DCDT Default Values

The Digital Compensator Design Tool (DCDT) Graphical User Interface (GUI) defines specific default values for many of your entry-fields. These are to be used as a starting point or reference, based on a typical application, but you are encouraged to measure and determine the actual values based on the hardware configuration settings. The section below gives a quick overview of the default values and how these were selected.

  • Pulse Width Modulation (PWM) Switching Frequency: 300 kHz is the default value used in all the different available compensators. This is a commonly used switching frequency in DC to DC converters.
  • PWM Sampling Ratio: The DCDT default sampling ratio is one (1), configuring the sampling frequency equal to the switching frequency. Particular attention should be paid that the sampling frequency used allows the microcontroller enough time to execute the control algorithm and any additional tasks the microcontroller is required to do (e.g., communication, fault monitoring, etc).
  • PWM Maximum Resolution: The DCDT by default configures the PWM hardware for the maximum resolution for dsPIC33F devices of 1.06 ns. Depending on the hardware requirement, you should adjust this value.
  • Computational Delay: The default compensator computational delays defined in the DCDT were determined based on hardware measurements on a dsPIC33 device operating at 40 MHz CPU clock speed. These are to be used as examples and you are encouraged to make time delay measurements in the specific hardware used.

Table 2 - Compensator Default Delay

Compensatpr Type Typical Compensator Delay (CPU at 50 MHz)
PID 1.1 us
2P2Z (Type II) 1.35 us
3P3Z (Type III) 1.5 us

The System Delays with 3-Pole/ 3-Zero (3P3Z) Compensator figure shown below is an example of a voltage mode converter, where the sampling frequency equals to the PWM switching frequency (Sampling Ratio = 1). This means that the Analog-to-Digital Converter (ADC) module will make a measurement of the output voltage once per PWM cycle. After the ADC has completed the conversion of the measurement, the ADC Interrupt Service Routine (ISR) will be called, inside of which the function call to the 3P3Z compensator will be executed and the new duty cycle will be written to the target PWM register.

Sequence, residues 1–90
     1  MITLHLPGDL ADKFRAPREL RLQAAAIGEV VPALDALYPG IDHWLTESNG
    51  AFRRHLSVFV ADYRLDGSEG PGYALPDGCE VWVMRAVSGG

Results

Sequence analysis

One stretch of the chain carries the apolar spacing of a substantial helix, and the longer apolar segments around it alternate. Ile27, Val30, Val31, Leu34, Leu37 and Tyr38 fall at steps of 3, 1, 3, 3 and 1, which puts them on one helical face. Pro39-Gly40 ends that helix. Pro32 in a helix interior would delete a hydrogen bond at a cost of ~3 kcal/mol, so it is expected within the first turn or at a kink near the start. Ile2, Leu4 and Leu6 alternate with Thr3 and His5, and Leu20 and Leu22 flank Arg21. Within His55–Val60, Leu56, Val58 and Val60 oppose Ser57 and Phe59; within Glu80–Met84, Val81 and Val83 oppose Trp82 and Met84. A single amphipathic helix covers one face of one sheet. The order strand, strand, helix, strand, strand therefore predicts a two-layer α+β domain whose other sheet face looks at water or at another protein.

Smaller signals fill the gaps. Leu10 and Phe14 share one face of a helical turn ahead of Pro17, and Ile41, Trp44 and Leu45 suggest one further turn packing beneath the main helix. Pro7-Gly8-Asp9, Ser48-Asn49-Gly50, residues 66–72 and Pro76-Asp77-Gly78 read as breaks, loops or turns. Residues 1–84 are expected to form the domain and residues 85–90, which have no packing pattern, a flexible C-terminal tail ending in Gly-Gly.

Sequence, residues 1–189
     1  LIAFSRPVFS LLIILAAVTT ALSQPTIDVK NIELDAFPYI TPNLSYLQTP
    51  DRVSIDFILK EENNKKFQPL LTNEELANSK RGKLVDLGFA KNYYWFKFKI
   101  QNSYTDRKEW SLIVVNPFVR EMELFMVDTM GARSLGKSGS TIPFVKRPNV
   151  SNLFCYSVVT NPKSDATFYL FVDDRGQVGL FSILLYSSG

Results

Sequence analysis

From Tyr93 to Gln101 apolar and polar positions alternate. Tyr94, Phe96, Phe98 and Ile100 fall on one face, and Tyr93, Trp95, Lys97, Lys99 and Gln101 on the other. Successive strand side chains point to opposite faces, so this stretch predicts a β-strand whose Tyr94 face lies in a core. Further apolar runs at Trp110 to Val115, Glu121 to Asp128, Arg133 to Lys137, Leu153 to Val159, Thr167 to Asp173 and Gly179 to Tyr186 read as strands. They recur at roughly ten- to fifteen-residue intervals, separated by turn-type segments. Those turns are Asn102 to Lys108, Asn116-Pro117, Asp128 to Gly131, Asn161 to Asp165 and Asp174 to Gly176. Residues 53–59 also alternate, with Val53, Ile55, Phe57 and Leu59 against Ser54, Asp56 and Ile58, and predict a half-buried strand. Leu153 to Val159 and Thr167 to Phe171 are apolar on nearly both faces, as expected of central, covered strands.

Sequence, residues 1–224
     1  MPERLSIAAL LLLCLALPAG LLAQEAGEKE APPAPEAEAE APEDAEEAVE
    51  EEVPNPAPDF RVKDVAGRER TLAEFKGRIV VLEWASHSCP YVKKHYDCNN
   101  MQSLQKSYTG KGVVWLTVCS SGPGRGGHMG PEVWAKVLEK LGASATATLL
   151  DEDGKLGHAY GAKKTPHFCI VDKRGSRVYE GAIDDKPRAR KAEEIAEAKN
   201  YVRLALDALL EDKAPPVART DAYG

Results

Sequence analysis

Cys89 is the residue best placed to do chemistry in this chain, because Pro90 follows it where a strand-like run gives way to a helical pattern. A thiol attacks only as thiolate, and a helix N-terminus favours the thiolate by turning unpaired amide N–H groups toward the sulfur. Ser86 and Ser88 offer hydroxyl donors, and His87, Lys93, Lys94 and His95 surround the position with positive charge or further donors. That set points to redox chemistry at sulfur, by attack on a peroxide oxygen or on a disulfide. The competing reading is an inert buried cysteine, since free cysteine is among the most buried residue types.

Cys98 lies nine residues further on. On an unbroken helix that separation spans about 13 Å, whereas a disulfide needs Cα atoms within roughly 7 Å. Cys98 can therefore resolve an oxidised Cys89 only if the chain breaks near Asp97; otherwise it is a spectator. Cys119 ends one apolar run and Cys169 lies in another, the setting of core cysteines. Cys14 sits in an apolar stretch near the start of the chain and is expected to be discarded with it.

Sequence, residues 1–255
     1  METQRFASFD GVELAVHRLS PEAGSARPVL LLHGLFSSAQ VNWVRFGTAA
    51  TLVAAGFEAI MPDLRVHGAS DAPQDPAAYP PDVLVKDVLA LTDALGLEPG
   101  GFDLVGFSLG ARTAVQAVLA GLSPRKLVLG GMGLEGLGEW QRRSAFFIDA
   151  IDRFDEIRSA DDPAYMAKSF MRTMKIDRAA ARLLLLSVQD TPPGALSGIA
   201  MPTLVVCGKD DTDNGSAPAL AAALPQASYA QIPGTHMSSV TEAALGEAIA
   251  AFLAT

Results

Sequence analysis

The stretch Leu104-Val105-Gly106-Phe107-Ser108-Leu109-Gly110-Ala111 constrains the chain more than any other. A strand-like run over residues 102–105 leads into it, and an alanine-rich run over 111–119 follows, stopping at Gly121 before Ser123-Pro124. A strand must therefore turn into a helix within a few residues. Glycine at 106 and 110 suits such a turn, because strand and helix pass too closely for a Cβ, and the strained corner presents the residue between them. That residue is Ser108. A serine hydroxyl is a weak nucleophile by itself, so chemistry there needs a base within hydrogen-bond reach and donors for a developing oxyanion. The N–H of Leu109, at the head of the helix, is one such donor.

• Gate Drive Delay: This is the delay associated with the gate-driver and the power switch (e.g., Metal–Oxide–Semiconductor Field-Effect Transistor, or MOSFET) delays. These delays are often very small but should be taken into account when calculating overall system performance. For simplicity purposes, this delay was not shown in the figure above. It is possible to measure it by using an oscilloscope at the output of the microcontroller PWM output to the time when the power switch (e.g., MOSFET drain terminal) is fully turned on.

For example:
Using Microchip MOSFET gate driver MCP14700, the datasheet specifies a Turn-On Propagation delay of 36 ns and the Turn-Off Propagation delay of 36 ns, rise and fall times of 10 ns for a total of 92 ns Gate Driver delays.

Using Microchip High-Speed N-Channel Power MOSFET MCP87050, defines a Turn-On Delay of 5 ns, a Rise time of 18 ns, Turn-Off delay of 11 ns and Fall-time of 5 ns, for a total of 39 ns. Additionally, combining the gate driver and the MOSFET delay equates to 131 ns.

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